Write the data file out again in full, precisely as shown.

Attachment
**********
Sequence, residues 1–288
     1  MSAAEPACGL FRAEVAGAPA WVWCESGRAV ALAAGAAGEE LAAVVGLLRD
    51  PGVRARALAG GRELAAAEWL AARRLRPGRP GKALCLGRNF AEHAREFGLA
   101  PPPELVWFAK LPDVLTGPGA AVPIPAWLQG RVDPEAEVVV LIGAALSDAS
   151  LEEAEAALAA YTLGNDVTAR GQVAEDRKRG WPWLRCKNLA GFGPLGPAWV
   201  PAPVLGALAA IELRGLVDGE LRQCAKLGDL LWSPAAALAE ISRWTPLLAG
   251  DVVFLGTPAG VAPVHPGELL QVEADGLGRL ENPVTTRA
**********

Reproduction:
Sequence, residues 1–288
     1  MSAAEPACGL FRAEVAGAPA WVWCESGRAV ALAAGAAGEE LAAVVGLLRD
    51  PGVRARALAG GRELAAAEWL AARRLRPGRP GKALCLGRNF AEHAREFGLA
   101  PPPELVWFAK LPDVLTGPGA AVPIPAWLQG RVDPEAEVVV LIGAALSDAS
   151  LEEAEAALAA YTLGNDVTAR GQVAEDRKRG WPWLRCKNLA GFGPLGPAWV
   201  PAPVLGALAA IELRGLVDGE LRQCAKLGDL LWSPAAALAE ISRWTPLLAG
   251  DVVFLGTPAG VAPVHPGELL QVEADGLGRL ENPVTTRA